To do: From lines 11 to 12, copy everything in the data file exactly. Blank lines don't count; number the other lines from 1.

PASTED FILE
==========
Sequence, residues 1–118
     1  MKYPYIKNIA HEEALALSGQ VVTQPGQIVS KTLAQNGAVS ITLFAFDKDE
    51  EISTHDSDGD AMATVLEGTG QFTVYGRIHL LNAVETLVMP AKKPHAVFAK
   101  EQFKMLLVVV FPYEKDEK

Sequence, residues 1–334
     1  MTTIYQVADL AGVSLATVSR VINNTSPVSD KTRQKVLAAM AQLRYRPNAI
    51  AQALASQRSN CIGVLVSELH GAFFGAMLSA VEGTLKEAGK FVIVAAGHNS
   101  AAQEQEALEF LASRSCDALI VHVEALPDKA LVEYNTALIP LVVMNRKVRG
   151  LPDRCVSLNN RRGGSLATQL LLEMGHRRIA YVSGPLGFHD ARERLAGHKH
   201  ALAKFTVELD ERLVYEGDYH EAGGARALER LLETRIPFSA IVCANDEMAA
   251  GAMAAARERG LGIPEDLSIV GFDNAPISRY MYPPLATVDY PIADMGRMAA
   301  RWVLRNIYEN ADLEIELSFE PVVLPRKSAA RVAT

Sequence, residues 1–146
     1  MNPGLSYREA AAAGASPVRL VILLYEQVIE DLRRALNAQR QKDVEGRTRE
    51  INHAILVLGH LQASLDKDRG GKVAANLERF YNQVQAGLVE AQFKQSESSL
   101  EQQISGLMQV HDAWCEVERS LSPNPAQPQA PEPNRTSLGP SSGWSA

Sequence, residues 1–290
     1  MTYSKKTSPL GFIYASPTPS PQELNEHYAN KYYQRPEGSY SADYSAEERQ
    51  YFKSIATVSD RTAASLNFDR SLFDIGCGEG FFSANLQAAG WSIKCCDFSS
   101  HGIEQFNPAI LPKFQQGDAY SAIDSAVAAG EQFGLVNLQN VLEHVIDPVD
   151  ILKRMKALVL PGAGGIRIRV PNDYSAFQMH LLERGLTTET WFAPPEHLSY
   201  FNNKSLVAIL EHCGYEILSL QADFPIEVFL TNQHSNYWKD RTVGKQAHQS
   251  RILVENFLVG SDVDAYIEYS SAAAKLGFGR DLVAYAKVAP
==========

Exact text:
   251  GAMAAARERG LGIPEDLSIV GFDNAPISRY MYPPLATVDY PIADMGRMAA
   301  RWVLRNIYEN ADLEIELSFE PVVLPRKSAA RVAT